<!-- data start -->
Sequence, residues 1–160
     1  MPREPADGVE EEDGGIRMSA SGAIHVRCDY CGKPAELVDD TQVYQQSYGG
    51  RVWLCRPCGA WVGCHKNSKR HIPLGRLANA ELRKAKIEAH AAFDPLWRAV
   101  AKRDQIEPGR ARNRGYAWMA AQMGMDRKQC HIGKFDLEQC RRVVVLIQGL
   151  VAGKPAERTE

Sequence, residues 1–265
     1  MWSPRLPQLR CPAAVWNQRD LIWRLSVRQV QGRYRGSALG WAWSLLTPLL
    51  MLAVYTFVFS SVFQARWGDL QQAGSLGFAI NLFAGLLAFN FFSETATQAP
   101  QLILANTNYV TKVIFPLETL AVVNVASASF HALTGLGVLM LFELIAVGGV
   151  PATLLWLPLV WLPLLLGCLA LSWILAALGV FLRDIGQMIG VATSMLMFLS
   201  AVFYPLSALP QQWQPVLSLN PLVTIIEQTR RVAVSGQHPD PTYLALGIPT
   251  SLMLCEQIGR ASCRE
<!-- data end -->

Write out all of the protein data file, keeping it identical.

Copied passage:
Sequence, residues 1–160
     1  MPREPADGVE EEDGGIRMSA SGAIHVRCDY CGKPAELVDD TQVYQQSYGG
    51  RVWLCRPCGA WVGCHKNSKR HIPLGRLANA ELRKAKIEAH AAFDPLWRAV
   101  AKRDQIEPGR ARNRGYAWMA AQMGMDRKQC HIGKFDLEQC RRVVVLIQGL
   151  VAGKPAERTE

Sequence, residues 1–265
     1  MWSPRLPQLR CPAAVWNQRD LIWRLSVRQV QGRYRGSALG WAWSLLTPLL
    51  MLAVYTFVFS SVFQARWGDL QQAGSLGFAI NLFAGLLAFN FFSETATQAP
   101  QLILANTNYV TKVIFPLETL AVVNVASASF HALTGLGVLM LFELIAVGGV
   151  PATLLWLPLV WLPLLLGCLA LSWILAALGV FLRDIGQMIG VATSMLMFLS
   201  AVFYPLSALP QQWQPVLSLN PLVTIIEQTR RVAVSGQHPD PTYLALGIPT
   251  SLMLCEQIGR ASCRE